Chicago Sky center Sylvia Fowles is the youngest of five siblings in her family yet being a kind of older-sister type actually comes easily to her.
"It's funny, isn't it? I like it, though," said the 6-foot-6 Fowles. "I accept my role. If that's what it takes, that's what I'm willing to do."
"Big Syl" as "big sis"? Well, at the very least, she is that to rookie teammate Epiphanny Prince.
"I cook her food," Fowles said, chuckling.
And to sixth-year pro Cathrine Kraayeveld -- another newcomer this season to the Sky, although not to the WNBA -- Fowles is just a "sister" -- not necessarily the "big" kind. She doesn't need a protective instinct with Kraayeveld; instead they have bonded because of personality similarities.
"Cat and I are very, very close," Fowles said. "Actually, we do call each other sisters. We hang out a lot more than anybody on the team. We have so much in common; we are both goofy and outgoing, and we like people."
Kraayeveld and Shameka Christon both came to Chicago in the three-way deal with New York and Phoenix that sent the Mercury's Cappie Pondexter to the Liberty and the Sky's Candice Dupree to Arizona.
Dupree said earlier this season that she felt more a sense of camaraderie with the Mercury, and acknowledged she had been very ready to leave Chicago. Eager, in fact.
"I was sad to see her leave because I respected her as a player," Fowles said. "But at the same time, I felt that her leaving made things better. For me, now I get the ball more. I'm stepping up to my potential and doing things I haven't done in my first two years [in the WNBA]. I'm playing the way I'm capable of playing. I hate to say it was good that she left, but it worked out for the best for everybody."
Fowles, limited by injuries her first two WNBA seasons, is averaging 18.9 points and 8.1 for the Sky, a team that is 5-8 currently this summer and already has been down and up and down and might now be up again.
But Fowles, individually, has avoided that roller coaster. She has scored in double figures in all 13 of the Sky's games and finally feels that she's closer to fulfilling her potential.
The knee/ankle/shoulder injuries that held her to 17 games as a rookie and 24 last season were rough for her, no doubt. But she never got very down about anything.
"I got through it all OK thanks to my mom," Fowles said. "She told me if I keep working at it, things will always get better. I had a good season in Russia, and to come back healthy this year and get off to an OK start in Chicago I know I can do better, but I'm getting closer to where I should be."
In the winter, she played for Spartak, alongside fellow U.S. national team members Diana Taurasi and Sue Bird. And with former LSU mentor Pokey Chatman -- who left Baton Rouge under controversial (to say the least) circumstances in Fowles' junior season -- at the Spartak helm, Fowles had a comfort zone in Russia.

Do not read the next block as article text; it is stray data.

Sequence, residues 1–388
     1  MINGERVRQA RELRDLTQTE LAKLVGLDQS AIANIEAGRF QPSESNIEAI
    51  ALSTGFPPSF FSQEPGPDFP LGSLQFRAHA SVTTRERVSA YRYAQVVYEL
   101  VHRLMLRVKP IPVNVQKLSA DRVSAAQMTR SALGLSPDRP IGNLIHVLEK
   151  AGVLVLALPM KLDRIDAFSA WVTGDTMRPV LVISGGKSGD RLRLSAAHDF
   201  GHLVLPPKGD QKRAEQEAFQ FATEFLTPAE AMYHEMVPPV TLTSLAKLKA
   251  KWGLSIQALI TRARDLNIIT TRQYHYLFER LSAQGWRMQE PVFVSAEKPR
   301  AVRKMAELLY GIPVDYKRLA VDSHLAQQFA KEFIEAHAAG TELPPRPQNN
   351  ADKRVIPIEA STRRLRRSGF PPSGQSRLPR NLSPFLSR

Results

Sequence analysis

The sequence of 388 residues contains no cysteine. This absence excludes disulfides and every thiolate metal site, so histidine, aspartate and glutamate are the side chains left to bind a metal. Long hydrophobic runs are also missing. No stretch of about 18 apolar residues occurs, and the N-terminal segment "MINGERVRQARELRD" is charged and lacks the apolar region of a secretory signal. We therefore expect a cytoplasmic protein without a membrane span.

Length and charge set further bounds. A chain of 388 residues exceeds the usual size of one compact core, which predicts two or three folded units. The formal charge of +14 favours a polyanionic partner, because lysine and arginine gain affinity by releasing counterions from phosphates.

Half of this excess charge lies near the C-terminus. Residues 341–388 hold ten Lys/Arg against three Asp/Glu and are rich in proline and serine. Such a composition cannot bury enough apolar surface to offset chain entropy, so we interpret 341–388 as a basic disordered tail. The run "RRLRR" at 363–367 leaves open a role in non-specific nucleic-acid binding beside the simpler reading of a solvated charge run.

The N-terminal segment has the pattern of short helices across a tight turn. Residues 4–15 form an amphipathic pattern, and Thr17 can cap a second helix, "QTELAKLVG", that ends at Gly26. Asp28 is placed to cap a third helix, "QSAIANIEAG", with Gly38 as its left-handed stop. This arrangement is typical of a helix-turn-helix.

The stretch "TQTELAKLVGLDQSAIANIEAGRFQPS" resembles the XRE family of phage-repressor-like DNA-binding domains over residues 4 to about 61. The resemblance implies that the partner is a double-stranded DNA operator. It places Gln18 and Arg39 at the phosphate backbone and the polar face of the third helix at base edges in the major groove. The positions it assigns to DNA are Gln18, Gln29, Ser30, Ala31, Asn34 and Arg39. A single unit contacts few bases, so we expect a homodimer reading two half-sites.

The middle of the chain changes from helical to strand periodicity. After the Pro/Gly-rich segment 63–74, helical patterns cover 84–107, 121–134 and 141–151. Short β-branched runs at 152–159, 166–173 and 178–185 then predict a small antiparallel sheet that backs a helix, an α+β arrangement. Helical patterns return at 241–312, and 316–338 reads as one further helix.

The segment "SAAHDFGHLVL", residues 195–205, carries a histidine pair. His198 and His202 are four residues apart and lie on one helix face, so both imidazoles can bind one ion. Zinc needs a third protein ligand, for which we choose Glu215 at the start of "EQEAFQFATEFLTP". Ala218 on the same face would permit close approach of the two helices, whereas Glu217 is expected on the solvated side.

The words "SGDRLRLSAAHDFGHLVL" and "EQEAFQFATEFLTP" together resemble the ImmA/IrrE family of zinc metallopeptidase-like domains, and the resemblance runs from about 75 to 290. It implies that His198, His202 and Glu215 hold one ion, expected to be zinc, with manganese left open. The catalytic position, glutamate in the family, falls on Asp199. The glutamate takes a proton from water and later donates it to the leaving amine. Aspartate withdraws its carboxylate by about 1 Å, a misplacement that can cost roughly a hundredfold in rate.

Still, credit goes to Fowles for making that comfort zone larger. She really loves traveling and experiencing life as it truly is in the places she has been. She acknowledged that the Russian winter was a bit more than she bargained for, but she was very grateful for the experience. This coming winter, she'll play in Turkey.
That will come after what Fowles hopes is a chance to compete in the WNBA playoffs and the 2010 FIBA World Championship. She was an important contributor on the gold-medal winning 2008 Olympic squad, but that was still with Lisa Leslie as Team USA's experienced anchor.
Since then, Leslie has retired, and the recent shoulder injury to L.A.'s Candace Parker is expected to keep her out for the rest of the WNBA season and the world championship. So Fowles' contributions inside for the Americans are, obviously, even more vital.
And Fowles laughs good-naturedly as she talked about the "UConnization" of the national team, which is coached by the Huskies' Geno Auriemma.
"To have Geno as a coach -- you know he's going to push you, and he's not going to settle for anything less than your best," Fowles said. "And to be around those players from Connecticut who know him and how he does things, it helps everybody else.
"I'm looking forward to it; we have some really great players. Everybody can score, rebound and run. I'm eager to see all of us in action."
Fowles thinks her main priority -- throughout the rest of this Sky season and looking ahead to the world championship -- is rebounding, which should be exactly what Sky coach Stephen Key and Auriemma hope to hear.
After being such a lockdown defensive presence in college, Fowles wants to extend that in full force in the WNBA and in international competition. And on both offense and defense, she still gets tips/critiques from former LSU assistant coach Bob Starkey.
"He's like my papa," Fowles said. "Even though we had a rough time my freshman year as I was getting used to everything, I know now he's always going to have my back.
"He'll hit me up after games, with texts or by e-mail, telling me what I did well and what I can do better. I might not want to hear it sometimes, especially when we lose. But I always respect he's going to be there through the good, the bad and the ugly."
Fowles believes that earning a playoff spot in the log-jammed-as-usual Eastern Conference is an attainable goal this summer for the Sky but she also knows the right way to talk about that possibility.
"We have the pieces to put together for the playoffs, but you can never jump too far ahead," Fowles said. "And you have to also be willing to learn as you go along."
Mechelle Voepel, a regular contributor to ESPN.com, can be reached at email@example.com. Read her blog at http://voepel.wordpress.com.